A complaint was made by the Council of the Law Society of Scotland against Gilbert John Sirus Anderson, solicitor, Kilmarnock. The respondent was convicted on 22 May 2017 of an assault aggravated by abuse of his partner. The Tribunal found the respondent guilty of professional misconduct in respect of this conviction and censured him.
A solicitor requires to be a person of integrity. If the public is to have trust in the profession, solicitors must observe high standards of conduct. The need to have integrity applies equally to a solicitor’s private life as it does his professional conduct. The conviction was on summary complaint and there was no injury involved. However, the Tribunal considered that the domestic nature of the conviction was apt to bring the profession into disrepute. The respondent had not acted with integrity. His conduct was a serious and reprehensible departure from the standards of competent and reputable solicitors and therefore he was guilty of professional misconduct.
An appeal was made under s 42ZA(9) of the Solicitors (Scotland) Act 1980 by Matthew Berlow, solicitor, Berlow Rahman Solicitors, Glasgow against the determination by the Council of the Law Society of Scotland dated 9 August 2018 in respect of a decision to uphold complaints of unsatisfactory professional conduct made against him by Ms A, the second respondent, who did not enter the appeal process.
The Tribunal confirmed the determination of unsatisfactory professional conduct in relation to the complaint that the appellant had failed to maintain the standards of behaviour expected of a solicitor in that in comments he wrote online on 27 August 2016 he used derogatory language in relation to pro-Palestinian activists. The Tribunal concluded that the subcommittee took into account all of the relevant facts, applied the correct test for unsatisfactory professional conduct and concluded, in agreement with the complaints investigator, that the appellant’s conduct was likely to bring the profession into disrepute. No error of fact or law was apparent.
However it quashed the determination of unsatisfactory professional conduct in relation to the complaint that the tone of an email of 23 April 2017 to the Law Society of Scotland was derogatory and aggressive and made defamatory accusations completely devoid of any substance, and a further such determination in relation to the complaint that the appellant had failed to act with honesty and integrity by making incorrect statements in the same email. The subcommittee made no reference in its deliberations to having regard to certain important materials, and failed to take into account relevant facts.
The Tribunal confirmed the order of censure of the appellant, confirmed the direction that he pay a fine of £1,750, quashed the direction that he pay compensation of £100 and quashed the direction that he undergo training in diversity.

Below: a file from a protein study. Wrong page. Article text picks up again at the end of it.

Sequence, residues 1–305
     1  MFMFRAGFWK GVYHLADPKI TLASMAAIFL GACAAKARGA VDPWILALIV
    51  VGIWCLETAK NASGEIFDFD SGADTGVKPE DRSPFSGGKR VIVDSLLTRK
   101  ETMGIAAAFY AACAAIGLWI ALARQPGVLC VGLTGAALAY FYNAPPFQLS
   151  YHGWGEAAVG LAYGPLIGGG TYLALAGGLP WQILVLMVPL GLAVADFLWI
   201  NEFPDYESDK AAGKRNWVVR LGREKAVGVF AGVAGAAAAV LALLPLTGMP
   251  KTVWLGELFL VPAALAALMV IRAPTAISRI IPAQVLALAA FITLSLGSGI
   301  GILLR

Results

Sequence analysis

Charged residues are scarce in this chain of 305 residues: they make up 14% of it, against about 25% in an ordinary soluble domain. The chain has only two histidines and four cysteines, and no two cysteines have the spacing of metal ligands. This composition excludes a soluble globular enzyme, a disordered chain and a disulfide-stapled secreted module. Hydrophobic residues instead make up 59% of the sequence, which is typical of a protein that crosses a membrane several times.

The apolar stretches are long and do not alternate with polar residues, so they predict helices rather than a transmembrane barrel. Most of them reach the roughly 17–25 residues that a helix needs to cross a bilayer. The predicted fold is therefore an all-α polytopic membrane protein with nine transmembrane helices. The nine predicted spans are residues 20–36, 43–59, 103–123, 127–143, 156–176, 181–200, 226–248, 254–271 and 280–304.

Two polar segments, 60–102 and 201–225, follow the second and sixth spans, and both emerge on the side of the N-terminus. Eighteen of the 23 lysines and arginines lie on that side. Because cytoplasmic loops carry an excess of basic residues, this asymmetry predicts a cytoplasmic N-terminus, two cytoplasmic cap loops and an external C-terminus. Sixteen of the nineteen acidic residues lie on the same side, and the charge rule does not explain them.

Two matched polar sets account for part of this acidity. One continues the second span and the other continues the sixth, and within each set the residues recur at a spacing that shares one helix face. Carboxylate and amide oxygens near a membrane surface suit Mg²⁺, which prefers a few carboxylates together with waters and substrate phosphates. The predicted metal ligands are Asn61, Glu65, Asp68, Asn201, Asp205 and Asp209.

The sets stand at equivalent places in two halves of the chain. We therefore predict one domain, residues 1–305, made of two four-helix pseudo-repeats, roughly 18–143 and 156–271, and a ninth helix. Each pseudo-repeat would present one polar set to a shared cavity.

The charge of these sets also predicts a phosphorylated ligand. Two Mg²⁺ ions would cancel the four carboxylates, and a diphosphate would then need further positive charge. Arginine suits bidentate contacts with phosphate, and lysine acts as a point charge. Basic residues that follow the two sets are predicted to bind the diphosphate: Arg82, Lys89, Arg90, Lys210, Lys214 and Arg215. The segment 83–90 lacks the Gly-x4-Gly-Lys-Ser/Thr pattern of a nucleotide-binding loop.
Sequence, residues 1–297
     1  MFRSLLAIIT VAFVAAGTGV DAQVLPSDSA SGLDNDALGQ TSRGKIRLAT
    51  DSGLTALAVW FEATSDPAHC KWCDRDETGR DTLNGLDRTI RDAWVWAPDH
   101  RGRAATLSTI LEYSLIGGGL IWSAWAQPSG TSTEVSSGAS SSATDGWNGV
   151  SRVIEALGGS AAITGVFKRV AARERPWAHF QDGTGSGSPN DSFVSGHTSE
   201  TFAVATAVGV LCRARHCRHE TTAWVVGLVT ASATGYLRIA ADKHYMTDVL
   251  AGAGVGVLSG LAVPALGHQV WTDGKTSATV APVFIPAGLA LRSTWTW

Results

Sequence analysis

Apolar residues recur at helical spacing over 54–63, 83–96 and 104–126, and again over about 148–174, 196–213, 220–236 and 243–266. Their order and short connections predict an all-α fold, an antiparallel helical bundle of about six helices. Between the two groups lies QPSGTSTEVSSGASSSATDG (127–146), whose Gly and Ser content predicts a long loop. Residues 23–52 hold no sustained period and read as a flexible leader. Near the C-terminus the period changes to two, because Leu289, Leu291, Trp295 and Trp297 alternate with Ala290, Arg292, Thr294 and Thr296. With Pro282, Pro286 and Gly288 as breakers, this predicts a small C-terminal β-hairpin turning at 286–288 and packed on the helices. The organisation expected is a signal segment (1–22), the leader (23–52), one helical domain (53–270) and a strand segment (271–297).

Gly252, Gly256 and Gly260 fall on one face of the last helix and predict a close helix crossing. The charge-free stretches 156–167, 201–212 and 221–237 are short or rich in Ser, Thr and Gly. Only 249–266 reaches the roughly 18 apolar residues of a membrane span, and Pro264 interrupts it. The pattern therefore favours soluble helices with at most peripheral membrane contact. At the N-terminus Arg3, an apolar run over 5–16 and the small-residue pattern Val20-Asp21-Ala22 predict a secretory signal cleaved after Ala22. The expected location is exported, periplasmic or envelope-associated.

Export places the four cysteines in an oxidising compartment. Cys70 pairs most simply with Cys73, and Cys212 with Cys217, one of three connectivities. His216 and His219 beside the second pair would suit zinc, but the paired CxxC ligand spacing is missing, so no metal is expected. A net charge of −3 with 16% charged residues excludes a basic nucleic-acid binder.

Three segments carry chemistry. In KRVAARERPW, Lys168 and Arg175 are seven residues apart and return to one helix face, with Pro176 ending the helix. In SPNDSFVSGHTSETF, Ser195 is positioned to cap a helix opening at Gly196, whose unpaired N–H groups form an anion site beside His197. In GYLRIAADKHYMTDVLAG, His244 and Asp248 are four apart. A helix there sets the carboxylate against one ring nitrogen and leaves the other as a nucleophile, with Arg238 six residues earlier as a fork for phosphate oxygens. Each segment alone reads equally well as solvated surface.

A complaint was made by the Council of the Law Society of Scotland against Edward Thornton, E Thornton & Co Solicitors, Oban. The Tribunal found the respondent guilty of professional misconduct in respect of his breaches of the Practice Rules 2011.
The Tribunal censured the respondent and fined him £1,000.
Over a six year period and despite matters having been drawn repeatedly to his attention, the respondent failed to keep accounting records necessary to demonstrate compliance with the Money Laundering Regulations (rule B6.7.1(c)). He failed to keep adequate accounting records to show the true financial position of the practice unit and to ensure the practice unit balanced its books monthly and on the last date of each accounting period (B6.7.3). He failed to reconcile the clients’ accounts and ledgers (B6.8.1). He failed to deal properly with historic client balances (B6.11). As cashroom manager he failed to use reasonable endeavours to acquire and maintain the required skills and to maintain the competent supervision and training of his employees (B6.13). He failed to comply with the Money Laundering Regulations (B6.23.1).
In holding funds for clients, a solicitor is in a privileged position of trust. To protect their clients and themselves, solicitors must comply with the accounts rules and Money Laundering Regulations. If solicitors are to continue to enjoy the public trust in regard to their financial affairs, they must have careful regard to all the requirements and obligations contained in the accounts rules. A solicitor in the respondent’s position as a sole practitioner and cashroom manager has responsibility for the books and records and compliance with the money laundering procedures including documenting compliance. Dishonesty was not a feature of this case and there was no risk to client money. However, failure to comply with the accounts rules and Money Laundering Regulations is a serious matter and professional misconduct was established.
An appeal was made under s 42ZA(9) of the Solicitors (Scotland) Act 1980 by John James Rankin Hodge, solicitor, Ayr, against the determination by the Council of the Law Society of Scotland dated 28 June 2018 in respect of a decision to uphold six heads of complaint of unsatisfactory professional conduct made against him by Mr A (the second respondent). The second respondent did not enter the appeal process.
The Tribunal confirmed the determination of unsatisfactory professional conduct in relation to the six heads of complaint, which related to the respondent’s failure to communicate effectively and act in his client’s best interests. The Tribunal confirmed the order of censure of the appellant, confirmed the direction that the appellant pay a fine of £1,000, but varied the direction that the appellant pay compensation of £2,500 by reducing the award to £1,500.
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